Many traders need help picking the best time frames for technical analysis, and understandably so.
Every charting tool has an endless list of time frames available, potentially showing different trends, so choosing the “right” time frames for trade decisions can feel daunting.
The good news is we have recommendations on which time frames work best for certain trade styles.
Here we walk you through the steps of choosing the right time frames, complete with a case study so that you can trade more confidently.
Using a single time frame for technical analysis can present a skewed market view, causing traders to miss critical price movements, overreact to “noise,” or fall victim to false signals.
To avoid these common mistakes, traders should analyze multiple time frames to gain a more holistic understanding of the markets and look for trade opportunities where multiple time frames show the same trend, a concept called confluence.
Historically, trades made in confluence have a higher probability of success.
Using confluence, every trade decision is supported by several time frames in agreement, strengthening confidence in market trends and ultimately leading to more disciplined and successful trades.
At InsiderFinance, we recommend using a three time frame framework to make trade decisions:
The macro trend is the "established" trend. You have the best chance of success when you trade in the same direction as the macro trend (i.e. taking a long position when the macro trend is bullish).
We typically think of the Daily chart as the macro trend, but if you're planning a very quick in and out, the 1-hour or 4-hour may serve as the macro trend.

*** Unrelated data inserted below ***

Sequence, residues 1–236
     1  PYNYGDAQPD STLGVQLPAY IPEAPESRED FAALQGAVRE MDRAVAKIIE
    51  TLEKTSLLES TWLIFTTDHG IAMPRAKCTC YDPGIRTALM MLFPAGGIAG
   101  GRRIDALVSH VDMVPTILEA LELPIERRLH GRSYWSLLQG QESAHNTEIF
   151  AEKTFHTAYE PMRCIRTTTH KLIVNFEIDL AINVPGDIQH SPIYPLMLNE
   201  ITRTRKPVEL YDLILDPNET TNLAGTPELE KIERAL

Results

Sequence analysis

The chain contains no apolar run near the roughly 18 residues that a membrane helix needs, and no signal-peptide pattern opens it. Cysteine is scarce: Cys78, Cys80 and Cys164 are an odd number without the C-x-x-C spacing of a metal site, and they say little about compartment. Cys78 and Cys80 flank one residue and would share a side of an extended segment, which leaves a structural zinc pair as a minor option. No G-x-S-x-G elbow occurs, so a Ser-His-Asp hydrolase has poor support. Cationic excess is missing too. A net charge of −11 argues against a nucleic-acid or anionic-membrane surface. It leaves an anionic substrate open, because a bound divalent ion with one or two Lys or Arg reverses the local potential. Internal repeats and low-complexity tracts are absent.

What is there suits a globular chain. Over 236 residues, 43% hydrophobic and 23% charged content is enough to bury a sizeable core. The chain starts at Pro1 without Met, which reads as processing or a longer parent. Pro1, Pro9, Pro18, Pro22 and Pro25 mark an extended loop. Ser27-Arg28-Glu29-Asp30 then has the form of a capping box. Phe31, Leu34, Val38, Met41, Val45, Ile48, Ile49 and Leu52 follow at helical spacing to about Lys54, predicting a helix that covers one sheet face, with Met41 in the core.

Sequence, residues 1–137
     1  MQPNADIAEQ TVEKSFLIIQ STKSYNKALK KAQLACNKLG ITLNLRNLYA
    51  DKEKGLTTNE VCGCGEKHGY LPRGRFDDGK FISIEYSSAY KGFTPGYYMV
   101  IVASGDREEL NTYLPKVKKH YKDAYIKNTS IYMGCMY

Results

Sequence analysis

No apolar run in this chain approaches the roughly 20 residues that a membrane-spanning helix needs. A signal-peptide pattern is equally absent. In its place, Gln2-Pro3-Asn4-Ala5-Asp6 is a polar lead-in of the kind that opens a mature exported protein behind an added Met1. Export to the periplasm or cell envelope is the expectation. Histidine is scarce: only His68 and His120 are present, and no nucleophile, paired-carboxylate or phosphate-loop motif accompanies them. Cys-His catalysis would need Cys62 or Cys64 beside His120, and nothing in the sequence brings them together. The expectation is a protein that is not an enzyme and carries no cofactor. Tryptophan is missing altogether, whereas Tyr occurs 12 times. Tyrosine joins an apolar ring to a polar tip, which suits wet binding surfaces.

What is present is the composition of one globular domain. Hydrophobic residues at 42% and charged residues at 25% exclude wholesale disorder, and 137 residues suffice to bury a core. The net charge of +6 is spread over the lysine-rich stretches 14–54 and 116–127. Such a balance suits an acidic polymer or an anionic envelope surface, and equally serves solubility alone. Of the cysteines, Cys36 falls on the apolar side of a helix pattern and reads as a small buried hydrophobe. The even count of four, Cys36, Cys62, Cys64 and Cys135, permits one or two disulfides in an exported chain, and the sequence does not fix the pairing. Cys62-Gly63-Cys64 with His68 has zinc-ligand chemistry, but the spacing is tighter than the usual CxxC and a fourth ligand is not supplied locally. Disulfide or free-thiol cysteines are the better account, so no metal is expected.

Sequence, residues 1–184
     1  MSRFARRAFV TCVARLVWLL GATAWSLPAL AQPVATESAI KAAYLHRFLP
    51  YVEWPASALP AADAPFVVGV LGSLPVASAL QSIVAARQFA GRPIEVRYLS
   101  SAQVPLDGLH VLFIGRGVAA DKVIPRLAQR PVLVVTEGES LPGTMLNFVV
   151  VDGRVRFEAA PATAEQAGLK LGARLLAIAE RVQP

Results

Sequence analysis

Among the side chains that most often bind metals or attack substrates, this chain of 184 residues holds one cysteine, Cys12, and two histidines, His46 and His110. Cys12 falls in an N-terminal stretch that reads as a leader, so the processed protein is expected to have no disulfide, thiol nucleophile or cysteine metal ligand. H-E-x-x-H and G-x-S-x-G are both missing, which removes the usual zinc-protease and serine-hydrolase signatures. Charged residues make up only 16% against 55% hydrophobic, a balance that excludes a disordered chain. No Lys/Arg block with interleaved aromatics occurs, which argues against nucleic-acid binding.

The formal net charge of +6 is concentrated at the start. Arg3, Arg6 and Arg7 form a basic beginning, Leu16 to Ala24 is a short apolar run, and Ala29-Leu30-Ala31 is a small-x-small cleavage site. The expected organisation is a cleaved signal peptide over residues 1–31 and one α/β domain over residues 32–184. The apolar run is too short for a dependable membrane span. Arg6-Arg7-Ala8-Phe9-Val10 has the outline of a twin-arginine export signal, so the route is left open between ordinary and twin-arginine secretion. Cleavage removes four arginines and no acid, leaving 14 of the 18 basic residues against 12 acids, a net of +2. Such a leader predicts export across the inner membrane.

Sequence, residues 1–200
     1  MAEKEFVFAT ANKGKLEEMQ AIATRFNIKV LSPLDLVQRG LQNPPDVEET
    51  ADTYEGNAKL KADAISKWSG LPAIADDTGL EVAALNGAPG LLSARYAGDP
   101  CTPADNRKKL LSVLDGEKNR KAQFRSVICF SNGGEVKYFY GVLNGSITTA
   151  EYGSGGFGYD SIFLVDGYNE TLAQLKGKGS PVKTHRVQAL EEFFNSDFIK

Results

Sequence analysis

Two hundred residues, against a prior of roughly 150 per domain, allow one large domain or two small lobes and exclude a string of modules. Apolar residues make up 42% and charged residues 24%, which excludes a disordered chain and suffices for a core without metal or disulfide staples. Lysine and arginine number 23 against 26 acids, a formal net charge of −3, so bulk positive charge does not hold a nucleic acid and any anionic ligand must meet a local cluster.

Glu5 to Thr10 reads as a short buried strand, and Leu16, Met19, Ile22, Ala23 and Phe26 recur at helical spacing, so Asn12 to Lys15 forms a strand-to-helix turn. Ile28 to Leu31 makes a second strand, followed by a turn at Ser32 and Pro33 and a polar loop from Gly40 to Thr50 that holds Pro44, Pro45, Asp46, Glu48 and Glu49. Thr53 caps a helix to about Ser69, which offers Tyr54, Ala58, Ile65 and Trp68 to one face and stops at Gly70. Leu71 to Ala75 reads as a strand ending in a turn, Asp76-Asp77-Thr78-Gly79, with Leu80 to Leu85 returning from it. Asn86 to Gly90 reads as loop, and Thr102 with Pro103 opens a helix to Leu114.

The longer you plan to hold, the higher the time frame you want to use as your macro trend.
The long-term trend tells you which direction that ticker is likely moving for the day.
If the long-term trend changes direction, your macro trend is also at risk of changing directions shortly.
The short-term trend helps you plan entries/exits, but even if your short-term chart turns the opposite of the macro chart, the overall trend may still be intact if you see the same trend on the long-term and macro charts.
So even though the short-term trend may turn opposite to your macro trend, that doesn’t necessarily mean you should exit immediately.
Typically, we lock in some profits early using pre-determined take-profit levels. That de-risks the trade and lets you play with some “house money.”
To decide when to exit the remainder of the position, we watch the long-term chart to see when the trend ends.